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If you're making a battle-focused cleric, is there a particular reason you're not making a Warpriest instead?
My brother played a Iomedaen battle cleric, and he was a big fan of the Heroism subdomain.
Crusader archetype is probably worth it if you don't plan on doing much spellcasting in combat.
As for traits, Fate's Favored is a must. I'd also suggest Divine Warrior, which gives you a +1 trait bonus to damage on any weapon affected by one of your divine spells. My Oracle uses that with reinforce armaments for the 10 minutes/level duration to hand out to other party members. Or hand out continual flame to other people, so they get permanently flaming swords with damage boosts.
So off the top of my head, I'd go with something like:
Lord Snow wrote:
At WisCon (I think it's a yearly thing) they have a lounge where white people are not allowed. Admission is explicitly based on skin color. I'm told it skirts anti-discrimination laws because you have to pay to for admission to the con, therefore it doesn't count as "public accomodation."
Actually, I was pointed to this blog post by Vox Day, in which he compares the nomination tallies of Tor authors/editors.
Those numbers certainly seem suggestive to me, if not of malicious manipulation, then at least a lot of mutual backscratching among Tor authors/editors/superfans. Add to that the week leading up to the announcement, when the Nielson Haydens openly admitted to knowing not only what the non-Puppy nominees were, but also that the Hugo administrators were upset about it. The very existence of that kind of rumor mill speaks to an unhealthy level of behind-the-scenes activity.
Yeah, it looks like Vox got a taste of the glory with his nomination last year, and releasted a tangential slate of stuff he published, either because he wanted it again so badly, or he wanted to burn it all down. After all, he is, as far as I can tell, literally a professional internet troll.
On the other hand, the only two pieces of John C. Wright's fiction I've read, I both liked and nominated (one was a short story not on the ballot), so I'm optimistic about the rest of his nominated stuff.
My biggest disappointment is that I couldn't get "Video Game High School" or "Too Many Cooks" on the shortlist for Dramatic Presentation...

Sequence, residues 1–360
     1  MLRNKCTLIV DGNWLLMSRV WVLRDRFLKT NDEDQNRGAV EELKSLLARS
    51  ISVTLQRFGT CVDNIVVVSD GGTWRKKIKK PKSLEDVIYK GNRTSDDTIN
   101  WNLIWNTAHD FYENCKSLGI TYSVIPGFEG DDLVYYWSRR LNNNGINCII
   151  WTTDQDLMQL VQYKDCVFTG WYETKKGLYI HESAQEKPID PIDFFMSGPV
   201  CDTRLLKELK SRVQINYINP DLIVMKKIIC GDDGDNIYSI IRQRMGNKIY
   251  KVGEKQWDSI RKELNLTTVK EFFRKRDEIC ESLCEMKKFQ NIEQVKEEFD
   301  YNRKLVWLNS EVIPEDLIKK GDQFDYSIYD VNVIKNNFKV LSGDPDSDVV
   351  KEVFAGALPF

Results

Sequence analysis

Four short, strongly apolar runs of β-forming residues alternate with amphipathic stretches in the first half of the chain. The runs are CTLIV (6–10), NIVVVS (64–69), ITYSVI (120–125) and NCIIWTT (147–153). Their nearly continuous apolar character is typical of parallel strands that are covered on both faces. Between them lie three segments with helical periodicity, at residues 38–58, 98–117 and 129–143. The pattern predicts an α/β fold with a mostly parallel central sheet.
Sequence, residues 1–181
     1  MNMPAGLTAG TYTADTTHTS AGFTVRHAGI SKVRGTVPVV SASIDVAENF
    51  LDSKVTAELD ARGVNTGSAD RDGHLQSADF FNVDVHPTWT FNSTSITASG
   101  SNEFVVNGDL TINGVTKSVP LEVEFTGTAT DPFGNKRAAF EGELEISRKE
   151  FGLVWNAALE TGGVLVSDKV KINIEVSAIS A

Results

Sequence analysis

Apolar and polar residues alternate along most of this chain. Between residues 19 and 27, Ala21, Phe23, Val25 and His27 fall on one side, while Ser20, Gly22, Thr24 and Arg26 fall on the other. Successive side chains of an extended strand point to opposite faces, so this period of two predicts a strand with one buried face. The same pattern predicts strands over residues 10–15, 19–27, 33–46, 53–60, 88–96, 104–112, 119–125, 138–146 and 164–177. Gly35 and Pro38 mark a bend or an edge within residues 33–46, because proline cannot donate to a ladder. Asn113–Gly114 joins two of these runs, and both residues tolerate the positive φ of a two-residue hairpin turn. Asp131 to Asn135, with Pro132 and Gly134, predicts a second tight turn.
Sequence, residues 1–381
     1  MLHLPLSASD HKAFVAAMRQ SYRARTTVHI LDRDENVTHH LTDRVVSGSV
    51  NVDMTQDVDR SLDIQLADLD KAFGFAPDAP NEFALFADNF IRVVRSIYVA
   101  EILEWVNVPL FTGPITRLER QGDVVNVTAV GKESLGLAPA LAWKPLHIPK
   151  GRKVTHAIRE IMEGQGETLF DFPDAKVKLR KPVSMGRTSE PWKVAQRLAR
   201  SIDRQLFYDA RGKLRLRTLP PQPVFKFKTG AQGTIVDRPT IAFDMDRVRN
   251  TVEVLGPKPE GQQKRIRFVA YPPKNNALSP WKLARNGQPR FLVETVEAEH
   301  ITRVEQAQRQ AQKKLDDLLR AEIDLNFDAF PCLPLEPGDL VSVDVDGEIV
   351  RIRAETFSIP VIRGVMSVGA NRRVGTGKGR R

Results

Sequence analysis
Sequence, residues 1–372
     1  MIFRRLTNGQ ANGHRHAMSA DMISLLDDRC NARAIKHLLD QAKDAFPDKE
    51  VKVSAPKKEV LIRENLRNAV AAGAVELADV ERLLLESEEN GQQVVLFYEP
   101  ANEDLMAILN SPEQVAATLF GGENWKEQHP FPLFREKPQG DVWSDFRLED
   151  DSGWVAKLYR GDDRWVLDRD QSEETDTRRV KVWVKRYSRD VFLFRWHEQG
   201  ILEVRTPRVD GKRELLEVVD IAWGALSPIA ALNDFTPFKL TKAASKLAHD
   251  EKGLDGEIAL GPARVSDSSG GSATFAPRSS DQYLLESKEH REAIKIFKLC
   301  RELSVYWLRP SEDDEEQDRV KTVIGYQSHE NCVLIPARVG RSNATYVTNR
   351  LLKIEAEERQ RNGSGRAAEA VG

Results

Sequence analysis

PRD, Underwater Combat wrote:
A completely submerged creature has total cover against opponents on land unless those opponents have freedom of movement effects. Magical effects are unaffected except for those that require attack rolls (which are treated like any other effects) and fire effects.
So it sounds like it would negate the cover for spells requiring a ranged touch attack.
Eric Clingenpeel wrote:
Which is why I stopped at only 112 "evers," obviously.
Sammy T wrote:
That's all true... but the Core campaign isn't being promoted as "Hard Mode." In fact, it's specifically being touted as beginner-friendly. So to say that Core games will somehow be tainted by characters who have had an easier time because they played in non-Core games elsewhere isn't really the issue.
Check the discoveries; the ones with * can't be combined with each other on a bomb.
Splash Weapon Mastery is a good feat, from Adventurer's Armory if you have it. It lets you nudge your misses, and mold your splash radius a bit. Not vital though.
Your list looks good, but I'd retrain Rapid Shot for Force Bombs or Confusion Bombs as soon as you get boots of speed. 3 bombs/round is going to chew through your ammo too fast, and I wouldn't risk the -2 on all the attacks because misses hurt. I usually don't even use my iterative attack unless I really need to pump out damage fast.
Depending on how you pro-social you want to be, you might also want to pick up the Infusion discovery, so you can hand your extracts to teammates. Two-handed martial classes will really appreciate a shield or barkskin here and there. I didn't get it until level 10, when I had too many extracts to spend on self-buffs.
Playing a game of Forgotten Futures with my brothers and one sister-in-law, in the first session of a homebrew adventure in which Burroughs' Red Martians allied with the Apache...
The group is hired to go to a gold mining operation to investigate why the last shipment never arrived. When they get there, they find the camp slaughtered, while in a valley over the ridge, an Apache war camp is mustered. I intended them to only scout it out, and so described the overwhelming numbers and heightened security around the camp.
"So this is a mine, right? That means they have explosives."
They then proceeded to fill the cart they arrived in with explosives, light it on fire, then roll it down the hill. This is after they planted shrapnel traps poisoned with cyanide (because one of them happened to know that cyanide is used to extract gold from ore), and the sharpshooter took up a safe position. So that camp was essentially slaughtered, based on guilt-by-proximity.
Lord Snow wrote:
You should check out LibriVox. They have a bunch of volunteer-read audiobooks of public domain works. Of course it's all older stuff, but free audiobook collections of Sherlock Holmes stories, etc. is nothing to sneeze at.